WordPress.com Theme Tips

themestripEvery WordPress.com theme has some customizable features – features that vary in number, kind and location from theme to theme.

You can select from a wide assortment of themes for no charge. Or you can purchase a premium theme featuring interesting designs, options for customization, and premium theme support directly from the theme authors themselves.

Many themes allow for custom header images, custom backgrounds, featured images, post formats,  etc.  Some of these themes allow you to customize colors or images while the rest of the style is fixed.

While you can’t create your own theme or import another one into a free hosted WordPress.com as there is no FTP access and you cannot upload any third party themes,  you have a large collection to choose from found in your dashboard at > Appearance > Themes and showcased in the Themes Showcase.

Changing themes is quick and easy.

Go to Dashboard > Appearance > Themes
browse themes until you find one you like and click “Activate”
or type in the name of the theme you want to use and
click the “Activate” link when it appears.

After you change your theme all you need to do is go here Dashboard > Appearance > Widgets > Inactive Widgets and re-install them where you want them to appear. The widget contents and settings will be the same as they were prior to changing themes.

You do not need to load the custom design tools unless you have purchased the  Custom Design upgrade.  All of these functions can be accessed from your dashboard:

featuresAppearance > Header – Many WordPress.com themes allows you to upload your own custom image header to obtain a much more personalized look and feel.

Appearance > Background – Most WordPress.com themes allow you to customize the background of your blog by either uploading an image or selecting a color.

Appearance > Theme Options (applicable only to some themes)

Settings > Reading – On any WordPress.com theme you can choose whether either a static page for your front page or a dynamic view with your latest posts.

Site Title and Tagline > Settings > General – The title is used to name the browser window and search engines display them on their search results. The Tagline is optional.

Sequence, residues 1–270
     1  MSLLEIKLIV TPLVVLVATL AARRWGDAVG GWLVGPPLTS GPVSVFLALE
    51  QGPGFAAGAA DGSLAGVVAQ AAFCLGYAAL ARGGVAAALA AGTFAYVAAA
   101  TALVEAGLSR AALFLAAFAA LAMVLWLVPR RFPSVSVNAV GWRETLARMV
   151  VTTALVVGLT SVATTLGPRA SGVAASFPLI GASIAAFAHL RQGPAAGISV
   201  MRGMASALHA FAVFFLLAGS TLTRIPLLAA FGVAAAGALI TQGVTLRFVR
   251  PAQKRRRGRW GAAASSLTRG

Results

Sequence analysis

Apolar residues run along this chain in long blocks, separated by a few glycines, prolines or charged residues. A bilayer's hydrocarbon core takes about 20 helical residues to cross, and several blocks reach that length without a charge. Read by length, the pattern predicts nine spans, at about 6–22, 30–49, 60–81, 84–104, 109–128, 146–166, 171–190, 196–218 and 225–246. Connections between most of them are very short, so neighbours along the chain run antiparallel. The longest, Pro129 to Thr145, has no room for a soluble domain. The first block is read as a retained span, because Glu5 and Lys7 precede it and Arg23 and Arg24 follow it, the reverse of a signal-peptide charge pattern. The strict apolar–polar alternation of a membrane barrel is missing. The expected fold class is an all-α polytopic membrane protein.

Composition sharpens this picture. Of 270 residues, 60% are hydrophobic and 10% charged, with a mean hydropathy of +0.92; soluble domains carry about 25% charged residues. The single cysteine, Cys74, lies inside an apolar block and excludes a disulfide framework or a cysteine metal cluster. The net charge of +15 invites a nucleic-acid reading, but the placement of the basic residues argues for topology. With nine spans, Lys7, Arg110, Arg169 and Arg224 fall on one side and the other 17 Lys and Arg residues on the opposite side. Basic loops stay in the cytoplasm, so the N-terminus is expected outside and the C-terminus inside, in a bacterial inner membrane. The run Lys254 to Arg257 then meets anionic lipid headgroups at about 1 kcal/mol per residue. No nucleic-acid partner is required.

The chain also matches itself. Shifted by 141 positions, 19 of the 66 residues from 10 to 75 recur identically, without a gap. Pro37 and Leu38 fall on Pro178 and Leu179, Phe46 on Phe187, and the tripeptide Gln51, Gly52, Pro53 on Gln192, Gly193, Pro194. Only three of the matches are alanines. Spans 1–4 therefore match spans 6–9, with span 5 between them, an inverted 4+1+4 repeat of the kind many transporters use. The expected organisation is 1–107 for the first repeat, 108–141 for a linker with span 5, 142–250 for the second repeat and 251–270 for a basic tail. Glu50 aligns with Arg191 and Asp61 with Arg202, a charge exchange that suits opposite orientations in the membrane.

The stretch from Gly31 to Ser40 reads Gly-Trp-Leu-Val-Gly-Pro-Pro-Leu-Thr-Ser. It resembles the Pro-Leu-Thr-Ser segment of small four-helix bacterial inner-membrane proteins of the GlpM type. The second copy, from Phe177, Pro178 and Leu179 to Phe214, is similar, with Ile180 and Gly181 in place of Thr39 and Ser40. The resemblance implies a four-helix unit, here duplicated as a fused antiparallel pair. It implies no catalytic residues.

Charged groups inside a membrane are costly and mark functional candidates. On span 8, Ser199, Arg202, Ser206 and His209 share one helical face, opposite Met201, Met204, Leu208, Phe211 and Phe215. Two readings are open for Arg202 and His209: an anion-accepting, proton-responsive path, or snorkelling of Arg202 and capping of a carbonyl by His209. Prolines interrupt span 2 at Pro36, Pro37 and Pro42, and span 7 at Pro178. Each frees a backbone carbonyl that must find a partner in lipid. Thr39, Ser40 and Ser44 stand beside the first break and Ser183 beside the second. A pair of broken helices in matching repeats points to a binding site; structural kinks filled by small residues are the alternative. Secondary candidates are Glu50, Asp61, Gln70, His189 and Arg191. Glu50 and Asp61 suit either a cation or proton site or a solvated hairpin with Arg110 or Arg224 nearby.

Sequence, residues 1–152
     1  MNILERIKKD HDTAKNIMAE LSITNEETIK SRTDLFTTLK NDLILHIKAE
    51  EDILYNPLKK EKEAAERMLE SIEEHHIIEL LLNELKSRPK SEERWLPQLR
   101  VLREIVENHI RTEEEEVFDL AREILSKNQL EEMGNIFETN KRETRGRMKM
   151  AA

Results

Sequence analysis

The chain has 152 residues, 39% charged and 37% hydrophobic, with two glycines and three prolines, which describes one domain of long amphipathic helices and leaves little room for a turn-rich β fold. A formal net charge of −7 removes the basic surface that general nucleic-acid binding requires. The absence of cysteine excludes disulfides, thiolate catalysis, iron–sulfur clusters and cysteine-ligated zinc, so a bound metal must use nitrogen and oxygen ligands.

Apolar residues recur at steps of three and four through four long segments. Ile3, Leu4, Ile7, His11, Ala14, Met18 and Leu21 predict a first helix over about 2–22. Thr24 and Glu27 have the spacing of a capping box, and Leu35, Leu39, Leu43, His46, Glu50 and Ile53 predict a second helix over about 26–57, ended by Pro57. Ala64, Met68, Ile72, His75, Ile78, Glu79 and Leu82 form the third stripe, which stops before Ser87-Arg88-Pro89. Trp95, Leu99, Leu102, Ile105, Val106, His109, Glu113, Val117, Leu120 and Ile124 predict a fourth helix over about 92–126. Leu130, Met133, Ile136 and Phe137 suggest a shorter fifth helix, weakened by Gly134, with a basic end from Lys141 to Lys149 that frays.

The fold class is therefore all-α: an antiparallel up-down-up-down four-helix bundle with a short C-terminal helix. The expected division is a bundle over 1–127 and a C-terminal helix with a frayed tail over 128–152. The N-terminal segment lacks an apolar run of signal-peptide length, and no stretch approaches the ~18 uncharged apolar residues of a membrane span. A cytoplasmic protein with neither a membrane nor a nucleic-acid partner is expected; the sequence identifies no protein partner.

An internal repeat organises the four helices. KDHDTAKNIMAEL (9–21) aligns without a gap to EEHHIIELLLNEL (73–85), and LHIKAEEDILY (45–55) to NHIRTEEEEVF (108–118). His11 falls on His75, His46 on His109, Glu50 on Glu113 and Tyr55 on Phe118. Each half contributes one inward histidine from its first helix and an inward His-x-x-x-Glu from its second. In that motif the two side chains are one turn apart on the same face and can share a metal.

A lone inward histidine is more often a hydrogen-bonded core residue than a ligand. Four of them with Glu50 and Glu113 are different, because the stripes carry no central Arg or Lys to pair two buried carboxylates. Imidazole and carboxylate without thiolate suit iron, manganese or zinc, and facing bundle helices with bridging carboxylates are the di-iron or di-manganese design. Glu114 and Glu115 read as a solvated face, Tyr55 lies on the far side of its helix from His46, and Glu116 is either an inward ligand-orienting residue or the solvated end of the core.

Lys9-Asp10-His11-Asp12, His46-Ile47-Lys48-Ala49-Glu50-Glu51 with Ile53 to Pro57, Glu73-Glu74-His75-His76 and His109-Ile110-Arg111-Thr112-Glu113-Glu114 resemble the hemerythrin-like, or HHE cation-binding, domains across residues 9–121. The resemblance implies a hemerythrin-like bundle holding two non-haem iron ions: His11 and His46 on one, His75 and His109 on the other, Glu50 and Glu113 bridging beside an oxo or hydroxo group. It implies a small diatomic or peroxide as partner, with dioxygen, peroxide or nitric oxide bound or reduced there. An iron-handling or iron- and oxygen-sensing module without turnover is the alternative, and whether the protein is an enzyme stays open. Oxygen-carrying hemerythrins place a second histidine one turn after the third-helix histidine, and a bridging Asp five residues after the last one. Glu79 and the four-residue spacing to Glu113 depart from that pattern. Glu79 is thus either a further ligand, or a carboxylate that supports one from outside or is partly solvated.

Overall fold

custom1The Custom Design upgrade allows you to  customize the fonts in your theme, apply a custom color palette and background pattern, and/or use CSS to make other appearance changes.

No changes you make aside from those found in the  features listed in the right hand sidebar on the theme description page for your theme (see above) will be visible to visitors unless you purchase the annually renewable Custom Design upgrade and do the required CSS editing.

NOTE: The Appearance → Themes → Customize section will not load if you have not yet published any content on your blog.

custom3If you are using the “Try Now” preview mode for the paid Custom Design upgrade to select, etc.  some of the settings in that mode will save but they won’t show up on the front end unless you purchase the upgrade.

To go back to the free options, go to Appearance → Themes → Customize → Colors and click the “exit the preview” link in yellow at the top of the panel on the right.

15 thoughts on “WordPress.com Theme Tips

  1. Very helpful, TT, thanks.

    I know you’ve experimented with various themes– may I ask what’s been your experience using Live Preview in assessing a new theme?

    1. Hi there,
      It’s used to create appearance changes and doesn’t increase traffic. Frequent publication of unique content that is promoted so people know about it increases traffic.

      More influential upgrades than appearance changes are:
      a domain of your own http://onecoolsitebloggingtips.com/2012/04/02/do-i-need-a-domain/
      and a no-ads upgrade which keeps all advertising including competitor’s advertising off your site. http://en.support.wordpress.com/no-ads/

    1. Hi Sophie
      Some folks are afraid of making themes changes. Others have been struggling with using the theme customizer. I thought I’d tried to bring the how-to’s to light to make it easier for my readers.

  2. One thing I like about the Twenty Eleven theme is that when reading a post – as opposed to being on the homepage – the sidebars don’t show.

    It looks very clean, and the effect is to put more focus on the post.

    Also, there is an option with Twenty Eleven to set up footer widgets, which is a handy additional place for the ‘follow blog by email’ widget.

    1. Hi David,
      I’m with you on that feature too. I want readers to focus on my reading posts and sidebar contents are a distraction on single post pages. I like the fact that we can choose whether or not to display sidebars on pages too.

      I used to be into footer widgets. I’m not now but as you point out Twenty Eleven has footer widget areas – three of them. I agree that footer widgets are great places for follow blog widgets. There are also good spots for copyrights too.

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